Office 12 new XML formats

XmlThis is big news and widely reported, and live on video.  I am increasingly impressed around the evolution of Office,  I think Microsoft is finally realising that people don’t want more incremental functions to refine what they already do.  They want new way of working to be enabled.  The new features in 12 seem to be going in that direction at least in the collaboration and information management areas, I can’t wait to see what they do when they can build on top of Longhorn and WinFS.  That’s not to say that OOo is not doing some great creative stuff as well, and of course the killer value proposition of OOo will be its ubiquity as within 3 years I doubt there will be a corporate desktop anywhere that does not have access to OOo,  I don’t think we will be able to say that about office 12, so Microsoft needs to get creative, Metro is the first glimmer of that, we will have to wait and see!

One of the best places to keep informed seems to be Brian Jone’s blog, a bit about Brian:

Brian is a program manager on the Word team. He’s been at Microsoft for about 6 years, and has been working on XML support in Word and across Office for a good percentage of that time. He set up his blog to talk with people about what Microsoft are doing in the next version of Office around XML

It seems to be fairly well received so far, main point are:

    1. Open Format: These formats use XML and ZIP, and they will be fully documented. Anyone will be able to get the full specs on the formats and there will be a royalty free license for anyone that wants to work with the files.
    2. Compressed: Files saved in these new XML formats are less than 50% the size of the equivalent file saved in the binary formats. This is because we take all of the XML parts that make up any given file, and then we ZIP them. We chose ZIP because it’s already widely in use today and we wanted these files to be easy to work with. (ZIP is a great container format. Of course I’m not the only one who thinks so… a number of other applications also use ZIP for their files too.)
    3. Robust: Between the usage of XML, ZIP, and good documentation the files get a lot more robust. By compartmentalizing our files into multiple parts within the ZIP, it becomes a lot less likely that an entire file will be corrupted (instead of just individual parts). The files are also a lot easier to work with, so it’s less likely that people working on the files outside of Office will cause corruptions.
    4. Backward compatible: There will be updates to Office 2000, XP, and 2003 that will allow those versions to read and write this new format. You don’t have to use the new version of Office to take advantage of these formats. (I think this is really cool. I was a big proponent of doing this work)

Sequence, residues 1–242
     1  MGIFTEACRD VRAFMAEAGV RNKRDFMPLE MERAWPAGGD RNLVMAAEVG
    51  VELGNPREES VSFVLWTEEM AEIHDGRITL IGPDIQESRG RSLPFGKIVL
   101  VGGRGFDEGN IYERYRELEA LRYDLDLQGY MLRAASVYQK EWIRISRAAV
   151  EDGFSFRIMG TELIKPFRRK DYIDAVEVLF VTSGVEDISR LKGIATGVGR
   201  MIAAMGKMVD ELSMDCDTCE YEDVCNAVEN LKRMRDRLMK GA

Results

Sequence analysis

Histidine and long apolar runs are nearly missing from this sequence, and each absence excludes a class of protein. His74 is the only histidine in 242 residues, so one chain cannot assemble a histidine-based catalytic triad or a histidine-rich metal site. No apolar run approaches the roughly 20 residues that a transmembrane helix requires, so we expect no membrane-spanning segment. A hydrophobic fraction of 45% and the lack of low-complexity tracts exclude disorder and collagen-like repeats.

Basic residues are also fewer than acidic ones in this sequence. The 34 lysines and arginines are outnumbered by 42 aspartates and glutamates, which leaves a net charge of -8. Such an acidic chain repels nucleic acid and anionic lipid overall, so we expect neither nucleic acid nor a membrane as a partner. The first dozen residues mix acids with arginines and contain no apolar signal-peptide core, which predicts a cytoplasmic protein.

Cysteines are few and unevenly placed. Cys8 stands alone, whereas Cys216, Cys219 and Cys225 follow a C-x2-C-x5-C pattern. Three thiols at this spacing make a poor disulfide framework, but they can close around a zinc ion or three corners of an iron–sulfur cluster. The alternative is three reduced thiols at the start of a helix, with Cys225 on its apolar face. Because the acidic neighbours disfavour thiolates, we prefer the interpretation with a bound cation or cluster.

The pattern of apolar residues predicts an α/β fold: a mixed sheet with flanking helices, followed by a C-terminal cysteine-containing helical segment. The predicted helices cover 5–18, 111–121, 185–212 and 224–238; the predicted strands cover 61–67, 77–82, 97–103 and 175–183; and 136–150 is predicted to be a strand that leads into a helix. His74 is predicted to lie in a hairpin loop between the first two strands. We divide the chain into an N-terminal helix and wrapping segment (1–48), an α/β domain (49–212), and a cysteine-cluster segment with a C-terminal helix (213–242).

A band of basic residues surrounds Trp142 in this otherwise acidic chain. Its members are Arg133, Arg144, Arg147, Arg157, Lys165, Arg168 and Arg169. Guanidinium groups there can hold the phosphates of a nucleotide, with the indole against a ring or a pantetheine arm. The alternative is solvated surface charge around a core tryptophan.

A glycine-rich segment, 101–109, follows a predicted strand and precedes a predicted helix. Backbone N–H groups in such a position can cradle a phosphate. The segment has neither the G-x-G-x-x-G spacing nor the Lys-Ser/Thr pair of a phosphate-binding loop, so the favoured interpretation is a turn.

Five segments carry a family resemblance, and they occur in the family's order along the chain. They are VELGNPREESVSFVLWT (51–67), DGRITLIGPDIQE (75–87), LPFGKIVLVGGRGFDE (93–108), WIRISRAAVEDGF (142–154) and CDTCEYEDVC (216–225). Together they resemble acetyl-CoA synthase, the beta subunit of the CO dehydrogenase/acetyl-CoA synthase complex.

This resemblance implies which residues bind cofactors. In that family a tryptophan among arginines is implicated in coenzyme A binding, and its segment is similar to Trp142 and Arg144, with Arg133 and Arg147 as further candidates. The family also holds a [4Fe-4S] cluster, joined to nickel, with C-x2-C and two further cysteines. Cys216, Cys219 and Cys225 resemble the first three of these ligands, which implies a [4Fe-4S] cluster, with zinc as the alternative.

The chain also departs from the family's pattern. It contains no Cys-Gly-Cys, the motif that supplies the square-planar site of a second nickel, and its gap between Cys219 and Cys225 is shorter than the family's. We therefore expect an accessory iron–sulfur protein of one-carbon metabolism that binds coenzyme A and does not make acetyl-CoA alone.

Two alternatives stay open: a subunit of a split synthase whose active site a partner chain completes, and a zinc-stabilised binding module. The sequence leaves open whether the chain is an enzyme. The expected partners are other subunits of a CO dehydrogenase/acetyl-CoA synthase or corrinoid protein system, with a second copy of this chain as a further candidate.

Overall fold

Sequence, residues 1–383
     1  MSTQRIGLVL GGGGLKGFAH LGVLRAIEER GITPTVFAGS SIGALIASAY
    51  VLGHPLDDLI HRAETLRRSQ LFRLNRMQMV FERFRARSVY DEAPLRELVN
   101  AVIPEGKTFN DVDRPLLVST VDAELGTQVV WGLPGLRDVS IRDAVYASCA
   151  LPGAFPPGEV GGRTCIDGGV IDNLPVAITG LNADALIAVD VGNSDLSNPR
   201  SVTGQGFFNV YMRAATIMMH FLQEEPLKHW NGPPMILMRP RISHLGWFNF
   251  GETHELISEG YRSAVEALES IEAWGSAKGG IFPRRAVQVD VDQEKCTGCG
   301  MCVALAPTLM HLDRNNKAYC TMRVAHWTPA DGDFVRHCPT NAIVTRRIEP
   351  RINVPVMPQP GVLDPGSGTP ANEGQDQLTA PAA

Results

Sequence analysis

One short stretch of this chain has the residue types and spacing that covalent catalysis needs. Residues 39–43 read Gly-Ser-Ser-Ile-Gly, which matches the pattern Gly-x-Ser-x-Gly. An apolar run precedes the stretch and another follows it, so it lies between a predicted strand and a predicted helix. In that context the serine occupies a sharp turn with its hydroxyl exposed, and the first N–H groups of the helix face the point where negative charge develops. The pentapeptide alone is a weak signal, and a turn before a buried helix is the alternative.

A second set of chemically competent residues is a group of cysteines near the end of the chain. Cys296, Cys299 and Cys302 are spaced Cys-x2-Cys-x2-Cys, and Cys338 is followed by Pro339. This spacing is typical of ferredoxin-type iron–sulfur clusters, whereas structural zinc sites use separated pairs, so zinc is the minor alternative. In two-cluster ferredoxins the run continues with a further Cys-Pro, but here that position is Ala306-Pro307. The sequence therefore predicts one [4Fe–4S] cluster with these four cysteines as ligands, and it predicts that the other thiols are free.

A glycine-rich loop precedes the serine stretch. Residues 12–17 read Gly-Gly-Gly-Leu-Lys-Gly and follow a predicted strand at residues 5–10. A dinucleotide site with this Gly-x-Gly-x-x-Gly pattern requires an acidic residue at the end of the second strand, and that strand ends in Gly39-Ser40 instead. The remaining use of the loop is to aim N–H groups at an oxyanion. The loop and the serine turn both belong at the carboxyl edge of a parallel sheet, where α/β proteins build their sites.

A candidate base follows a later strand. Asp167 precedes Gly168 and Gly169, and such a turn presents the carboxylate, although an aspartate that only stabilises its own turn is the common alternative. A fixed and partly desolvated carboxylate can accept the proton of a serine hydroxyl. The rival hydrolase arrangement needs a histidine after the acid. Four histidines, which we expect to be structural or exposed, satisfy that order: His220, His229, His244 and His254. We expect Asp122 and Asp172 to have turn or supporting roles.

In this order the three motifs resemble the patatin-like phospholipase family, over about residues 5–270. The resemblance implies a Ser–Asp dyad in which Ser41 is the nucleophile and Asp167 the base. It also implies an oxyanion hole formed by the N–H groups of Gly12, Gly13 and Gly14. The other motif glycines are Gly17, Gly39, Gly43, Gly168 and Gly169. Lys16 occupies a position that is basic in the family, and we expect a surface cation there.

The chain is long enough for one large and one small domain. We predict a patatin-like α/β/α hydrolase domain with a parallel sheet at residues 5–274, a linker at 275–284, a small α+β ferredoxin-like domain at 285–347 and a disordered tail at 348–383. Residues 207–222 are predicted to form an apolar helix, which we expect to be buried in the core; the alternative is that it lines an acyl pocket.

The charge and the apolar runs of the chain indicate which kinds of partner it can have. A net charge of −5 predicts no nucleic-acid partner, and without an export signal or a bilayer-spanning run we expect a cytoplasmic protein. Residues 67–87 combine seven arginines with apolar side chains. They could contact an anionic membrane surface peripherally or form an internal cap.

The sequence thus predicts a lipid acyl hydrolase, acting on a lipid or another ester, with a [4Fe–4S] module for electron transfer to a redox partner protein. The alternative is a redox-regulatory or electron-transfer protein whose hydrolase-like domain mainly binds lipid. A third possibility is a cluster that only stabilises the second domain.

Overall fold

5. Binary Format support: You can still use the current binary formats with the new version of Office. In fact, people can easily change to use the binary formats as the default if that’s what they’d rather do.
    6. New Extensions: The new formats will use new extensions (.docx, .pptx, .xlsx) so you can tell what format the files you are dealing with are, but to the average end user they’ll still just behave like any other Office file. Double click & it opens in the right application.

There are two white-papers for more details:

 The Microsoft Office Open XML Formats: New File Formats for “Office 12”

http://download.microsoft.com/download/c/2/9/c2935f83-1a10-4e4a-a137-c1db829637f5/Office12NewFileFormatsWP.doc

This first whitepaper is a general overview of the file format, and is targeted at multiple audiences. It starts off with an introduction about what’s going on and also briefly touches on the history of the current binary formats and how we got to where we are today.The Microsoft Office Open XML Formats: Preview for Developers

http://download.microsoft.com/download/c/2/9/c2935f83-1a10-4e4a-a137-c1db829637f5/Office12FileFormatDevPreviewWP.doc

This paper talks more about the architecture of the formats and is targeted at developers. This paper has a similar introduction to the first (but from a slightly different angle). The last 7 or so pages of the paper go into solutions and what people can do with these files. It’s a great way to start thinking about the possibilities, and what types of things you can probably expect to see built on top of the format.

Steve Richards

I'm retired from work as a business and IT strategist. now I'm travelling, hiking, cycling, swimming, reading, gardening, learning, writing this blog and generally enjoying good times with friends and family

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